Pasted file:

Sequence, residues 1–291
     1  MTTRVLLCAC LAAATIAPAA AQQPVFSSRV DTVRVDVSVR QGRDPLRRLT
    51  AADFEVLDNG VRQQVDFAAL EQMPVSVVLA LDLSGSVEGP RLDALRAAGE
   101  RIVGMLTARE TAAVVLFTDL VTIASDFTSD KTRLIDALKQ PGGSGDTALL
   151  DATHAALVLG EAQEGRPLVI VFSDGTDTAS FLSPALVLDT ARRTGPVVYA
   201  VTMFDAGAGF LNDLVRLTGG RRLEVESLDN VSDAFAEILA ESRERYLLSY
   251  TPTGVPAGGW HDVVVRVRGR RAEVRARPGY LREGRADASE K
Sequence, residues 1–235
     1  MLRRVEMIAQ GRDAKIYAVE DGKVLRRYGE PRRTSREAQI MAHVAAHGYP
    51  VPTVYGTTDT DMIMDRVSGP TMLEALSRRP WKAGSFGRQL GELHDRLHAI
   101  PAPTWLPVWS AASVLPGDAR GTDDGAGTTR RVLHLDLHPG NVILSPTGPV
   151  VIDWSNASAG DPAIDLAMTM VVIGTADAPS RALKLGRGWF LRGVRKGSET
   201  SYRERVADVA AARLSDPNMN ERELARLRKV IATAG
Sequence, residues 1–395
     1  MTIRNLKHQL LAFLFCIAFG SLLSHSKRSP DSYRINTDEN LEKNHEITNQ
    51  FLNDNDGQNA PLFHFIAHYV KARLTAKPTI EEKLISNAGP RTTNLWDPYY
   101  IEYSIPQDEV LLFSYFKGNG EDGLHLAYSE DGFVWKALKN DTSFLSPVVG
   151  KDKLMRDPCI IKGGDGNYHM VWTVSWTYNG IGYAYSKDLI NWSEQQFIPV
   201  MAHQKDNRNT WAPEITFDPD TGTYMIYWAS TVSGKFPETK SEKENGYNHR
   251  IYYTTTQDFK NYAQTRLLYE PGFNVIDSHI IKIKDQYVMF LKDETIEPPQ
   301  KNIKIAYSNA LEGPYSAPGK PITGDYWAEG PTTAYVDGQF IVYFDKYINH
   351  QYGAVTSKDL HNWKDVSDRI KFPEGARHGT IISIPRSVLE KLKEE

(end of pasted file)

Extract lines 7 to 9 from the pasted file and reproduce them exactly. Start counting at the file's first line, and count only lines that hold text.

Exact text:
   251  TPTGVPAGGW HDVVVRVRGR RAEVRARPGY LREGRADASE K
Sequence, residues 1–235
     1  MLRRVEMIAQ GRDAKIYAVE DGKVLRRYGE PRRTSREAQI MAHVAAHGYP